India’s Congress- led UPA government’s crisis continues as the Trinamool Congress (TMC), one of its major allies, refused to budge from its decision to withdraw support to the government Wednesday despite several attempts by the Congress leadership to negotiate a compromise to save the government.


Mamata Banerjee, the maverick leader of the TMC, withdrew her party’s support to the UPA government Tuesday, protesting against a slew of measures announced by Prime Minister Manmohan Singh last week to bolster the struggling economy. The reforms include a hike in the diesel price, a cap for subsidized Liquified Petroleum Gas (LPG) cylinders used as cooking fuel and FDI in retail, aviation and broadcast sectors.


Dumping the reforms and fuel price hike as “anti–poor,” Banerjee has asked her party’s six ministers to resign on Friday at 3 p.m., giving a 72-hour lease period, which the analysts are considering as a window period for negotiations.


The Congress held its core committee meeting Wednesday morning to discuss the resignations by the TMC ministers and a strategy to extract the government out from the depths of the political uncertainty. In the meeting, chaired by Congress president Sonia Gandhi and PM Singh, it was decided to reach out to the TMC and convince the defiant party leader to reconsider her party's decision.

The Congress leaders claimed that the party and government had made several attempts to contact Banerjee but she had not responded to the messages so far. “We have tried to speak to her. The Prime Minister tried to speak. We left a message, but we have not heard anything,” Finance Minister P. Chidambaram told reporters in Delhi.


The TMC leaders, meanwhile, denied that the government had tried to reach them.


The local television reports said the prime minister would stand firm on his government’s decision to go ahead with the FDI, but was willing to compromise on a partial rollback in diesel prices and increase the cap on LPG cylinders.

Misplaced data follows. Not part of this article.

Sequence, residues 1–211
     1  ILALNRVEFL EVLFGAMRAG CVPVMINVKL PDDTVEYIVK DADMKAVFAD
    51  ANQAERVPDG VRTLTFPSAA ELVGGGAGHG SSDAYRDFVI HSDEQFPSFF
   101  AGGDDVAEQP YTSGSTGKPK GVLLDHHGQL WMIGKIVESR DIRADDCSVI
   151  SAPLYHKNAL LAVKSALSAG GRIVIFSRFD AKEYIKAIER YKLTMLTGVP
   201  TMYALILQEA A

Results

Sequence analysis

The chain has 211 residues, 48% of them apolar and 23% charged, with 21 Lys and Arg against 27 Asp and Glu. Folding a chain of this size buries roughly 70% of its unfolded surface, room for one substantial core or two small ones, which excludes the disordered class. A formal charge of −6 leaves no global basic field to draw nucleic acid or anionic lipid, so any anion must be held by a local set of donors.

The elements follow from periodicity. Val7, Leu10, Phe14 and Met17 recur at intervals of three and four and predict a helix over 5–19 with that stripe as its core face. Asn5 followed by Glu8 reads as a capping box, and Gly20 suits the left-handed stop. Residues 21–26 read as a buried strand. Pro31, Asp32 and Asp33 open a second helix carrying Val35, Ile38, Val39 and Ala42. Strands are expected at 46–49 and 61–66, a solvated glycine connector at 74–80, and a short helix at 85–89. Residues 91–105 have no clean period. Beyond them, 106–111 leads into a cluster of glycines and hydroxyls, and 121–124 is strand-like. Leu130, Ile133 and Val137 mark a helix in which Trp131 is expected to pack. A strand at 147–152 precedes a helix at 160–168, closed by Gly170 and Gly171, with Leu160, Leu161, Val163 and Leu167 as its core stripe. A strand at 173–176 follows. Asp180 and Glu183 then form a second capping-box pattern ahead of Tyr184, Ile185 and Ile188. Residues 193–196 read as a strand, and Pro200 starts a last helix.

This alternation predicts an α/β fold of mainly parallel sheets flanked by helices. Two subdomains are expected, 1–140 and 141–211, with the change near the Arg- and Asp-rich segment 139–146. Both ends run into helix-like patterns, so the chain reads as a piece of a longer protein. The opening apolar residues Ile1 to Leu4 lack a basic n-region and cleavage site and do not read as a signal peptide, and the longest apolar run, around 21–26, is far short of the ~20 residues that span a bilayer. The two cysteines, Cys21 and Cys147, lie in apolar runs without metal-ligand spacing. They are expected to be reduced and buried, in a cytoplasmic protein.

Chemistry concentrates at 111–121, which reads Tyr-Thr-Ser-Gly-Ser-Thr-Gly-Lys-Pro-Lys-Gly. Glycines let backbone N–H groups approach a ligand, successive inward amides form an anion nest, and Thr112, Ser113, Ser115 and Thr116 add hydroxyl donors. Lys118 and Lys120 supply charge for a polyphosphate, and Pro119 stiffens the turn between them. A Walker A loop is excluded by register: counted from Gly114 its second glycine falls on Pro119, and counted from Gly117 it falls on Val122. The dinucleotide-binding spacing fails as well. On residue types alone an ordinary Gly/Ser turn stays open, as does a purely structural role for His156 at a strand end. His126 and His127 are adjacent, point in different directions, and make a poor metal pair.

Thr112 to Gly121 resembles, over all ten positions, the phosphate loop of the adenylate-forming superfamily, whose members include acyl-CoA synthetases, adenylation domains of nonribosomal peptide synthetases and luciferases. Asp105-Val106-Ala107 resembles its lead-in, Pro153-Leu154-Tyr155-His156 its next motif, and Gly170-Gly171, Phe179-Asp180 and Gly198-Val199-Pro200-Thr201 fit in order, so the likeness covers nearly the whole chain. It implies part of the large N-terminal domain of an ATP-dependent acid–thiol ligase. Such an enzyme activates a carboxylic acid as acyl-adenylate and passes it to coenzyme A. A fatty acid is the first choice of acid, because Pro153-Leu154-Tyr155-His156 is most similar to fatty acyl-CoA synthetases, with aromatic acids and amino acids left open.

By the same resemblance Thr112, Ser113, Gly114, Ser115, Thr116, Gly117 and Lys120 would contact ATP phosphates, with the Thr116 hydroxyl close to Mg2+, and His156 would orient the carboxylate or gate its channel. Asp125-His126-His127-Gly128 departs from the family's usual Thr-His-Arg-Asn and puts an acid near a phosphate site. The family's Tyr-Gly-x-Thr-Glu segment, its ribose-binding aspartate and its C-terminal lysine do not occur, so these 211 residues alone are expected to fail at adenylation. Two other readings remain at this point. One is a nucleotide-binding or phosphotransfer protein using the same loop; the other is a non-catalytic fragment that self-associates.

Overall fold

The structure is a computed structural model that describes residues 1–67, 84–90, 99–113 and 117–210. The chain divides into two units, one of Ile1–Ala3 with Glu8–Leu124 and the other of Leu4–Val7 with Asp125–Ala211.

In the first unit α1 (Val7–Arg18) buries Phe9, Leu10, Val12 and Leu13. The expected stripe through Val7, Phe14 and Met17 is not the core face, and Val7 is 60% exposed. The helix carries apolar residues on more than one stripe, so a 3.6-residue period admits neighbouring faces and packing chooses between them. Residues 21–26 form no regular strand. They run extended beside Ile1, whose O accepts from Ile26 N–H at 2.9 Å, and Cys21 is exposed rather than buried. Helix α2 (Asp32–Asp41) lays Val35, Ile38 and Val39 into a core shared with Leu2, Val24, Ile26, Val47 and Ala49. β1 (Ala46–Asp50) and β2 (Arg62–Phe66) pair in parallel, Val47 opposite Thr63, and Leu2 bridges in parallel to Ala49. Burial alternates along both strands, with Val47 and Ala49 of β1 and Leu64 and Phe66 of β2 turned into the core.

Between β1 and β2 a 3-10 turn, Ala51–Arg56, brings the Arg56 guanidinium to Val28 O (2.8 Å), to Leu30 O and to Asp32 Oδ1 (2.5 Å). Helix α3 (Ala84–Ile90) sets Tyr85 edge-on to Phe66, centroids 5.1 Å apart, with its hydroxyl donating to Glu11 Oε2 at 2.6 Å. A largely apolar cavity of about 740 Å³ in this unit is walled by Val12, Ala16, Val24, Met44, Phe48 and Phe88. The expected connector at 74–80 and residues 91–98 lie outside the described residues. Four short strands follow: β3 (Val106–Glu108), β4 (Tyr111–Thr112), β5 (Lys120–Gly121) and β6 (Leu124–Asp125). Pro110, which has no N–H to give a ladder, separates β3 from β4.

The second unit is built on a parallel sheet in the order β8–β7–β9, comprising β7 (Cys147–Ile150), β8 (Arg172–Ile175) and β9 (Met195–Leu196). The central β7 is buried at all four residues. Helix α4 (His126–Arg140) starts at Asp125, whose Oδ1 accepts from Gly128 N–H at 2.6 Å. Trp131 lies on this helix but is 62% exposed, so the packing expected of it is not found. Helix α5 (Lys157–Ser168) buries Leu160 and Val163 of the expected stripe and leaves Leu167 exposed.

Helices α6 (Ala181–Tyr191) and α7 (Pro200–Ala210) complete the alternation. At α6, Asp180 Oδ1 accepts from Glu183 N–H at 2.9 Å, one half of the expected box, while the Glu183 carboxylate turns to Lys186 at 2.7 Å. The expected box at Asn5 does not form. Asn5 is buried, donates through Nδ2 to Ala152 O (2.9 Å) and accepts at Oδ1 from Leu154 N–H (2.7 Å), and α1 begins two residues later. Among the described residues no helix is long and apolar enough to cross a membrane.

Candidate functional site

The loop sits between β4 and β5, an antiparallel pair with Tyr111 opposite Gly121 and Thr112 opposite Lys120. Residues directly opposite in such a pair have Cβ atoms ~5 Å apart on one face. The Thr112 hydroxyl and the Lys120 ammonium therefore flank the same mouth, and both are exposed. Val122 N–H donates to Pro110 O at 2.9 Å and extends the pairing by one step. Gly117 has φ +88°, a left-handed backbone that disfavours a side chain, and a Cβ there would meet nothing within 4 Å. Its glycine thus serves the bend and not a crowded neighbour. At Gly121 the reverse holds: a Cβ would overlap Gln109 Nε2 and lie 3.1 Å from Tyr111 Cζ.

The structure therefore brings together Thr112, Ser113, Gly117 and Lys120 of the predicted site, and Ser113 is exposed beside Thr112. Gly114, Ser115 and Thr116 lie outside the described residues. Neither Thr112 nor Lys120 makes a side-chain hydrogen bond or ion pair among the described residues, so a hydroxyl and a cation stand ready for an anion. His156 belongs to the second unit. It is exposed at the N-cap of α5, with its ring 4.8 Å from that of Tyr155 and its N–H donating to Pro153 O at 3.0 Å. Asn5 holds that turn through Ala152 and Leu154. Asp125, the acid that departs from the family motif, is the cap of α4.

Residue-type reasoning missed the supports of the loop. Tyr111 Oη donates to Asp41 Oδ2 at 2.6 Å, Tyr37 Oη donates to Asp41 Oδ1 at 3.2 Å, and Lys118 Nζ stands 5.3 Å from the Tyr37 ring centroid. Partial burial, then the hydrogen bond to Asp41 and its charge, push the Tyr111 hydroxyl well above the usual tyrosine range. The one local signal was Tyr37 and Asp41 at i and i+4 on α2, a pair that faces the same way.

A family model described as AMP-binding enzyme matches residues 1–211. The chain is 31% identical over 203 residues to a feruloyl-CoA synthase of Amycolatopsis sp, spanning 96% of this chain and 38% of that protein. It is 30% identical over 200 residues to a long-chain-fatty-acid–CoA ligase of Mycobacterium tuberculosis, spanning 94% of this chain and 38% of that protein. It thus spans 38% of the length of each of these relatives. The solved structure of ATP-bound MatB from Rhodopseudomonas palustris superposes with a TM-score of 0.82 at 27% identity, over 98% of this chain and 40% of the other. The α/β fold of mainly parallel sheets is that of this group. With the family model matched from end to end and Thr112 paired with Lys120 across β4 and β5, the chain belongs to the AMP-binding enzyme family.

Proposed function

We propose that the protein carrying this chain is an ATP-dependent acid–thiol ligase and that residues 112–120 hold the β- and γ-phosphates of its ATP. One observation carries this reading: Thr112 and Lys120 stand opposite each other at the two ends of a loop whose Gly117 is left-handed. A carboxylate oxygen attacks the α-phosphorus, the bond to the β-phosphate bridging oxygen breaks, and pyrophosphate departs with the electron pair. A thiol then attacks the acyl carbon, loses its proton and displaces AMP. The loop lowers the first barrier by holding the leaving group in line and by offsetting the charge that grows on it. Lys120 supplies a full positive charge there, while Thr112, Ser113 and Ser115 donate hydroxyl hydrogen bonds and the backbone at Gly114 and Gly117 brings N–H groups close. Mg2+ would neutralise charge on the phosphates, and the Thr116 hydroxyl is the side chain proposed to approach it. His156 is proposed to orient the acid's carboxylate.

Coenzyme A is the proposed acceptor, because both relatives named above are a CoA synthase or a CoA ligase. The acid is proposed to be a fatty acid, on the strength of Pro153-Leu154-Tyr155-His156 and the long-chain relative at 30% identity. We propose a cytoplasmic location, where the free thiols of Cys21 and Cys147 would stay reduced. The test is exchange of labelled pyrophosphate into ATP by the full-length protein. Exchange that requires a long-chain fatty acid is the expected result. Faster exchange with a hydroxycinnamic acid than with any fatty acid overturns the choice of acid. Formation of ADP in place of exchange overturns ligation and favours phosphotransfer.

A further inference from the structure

Following the meeting, the Congress asked the chief ministers in the Congress-run states to raise the limit for subsidized LPG cylinders from six to nine.


“Sonia Gandhi has spoken with the Chief Ministers of various Congress ruled states…they have been asked to increase the number of subsidized LPG cylinders from six to nine,” Congress spokesperson Janardhan Dwivedi said, according to a FirstPost report.


The Trinamool is the second largest constituent of the UPA with 19 MPs and loss of its support will force the coalition government to depend on its other allies, the Samajwadi Party (SP) and the Bahujan Samajwdi Party (BSP). The SP with 22 MPs has announced their opposition to the government’s decisions but will reveal the party’s stand on support to the government after a meeting on Thursday.


"Tomorrow there is a meeting of the Samajwadi Party's Parliamentary Board. We will decide our strategy there," Mulayam Singh Yadav, leader of the Samajwadi Party told reporters.


If TMC's MPs resign, the strength of the UPA in the Lok Sabha will come down from 273 to 254, which is 19 short of majority in the Lok Sabha. However, the outside support of parties like the SP (22 MLAs), the BSP (21 MLAs), the RJD (4 MLAs) and the JD-S (3 MLAs) takes its strength to 304 in a House of 545.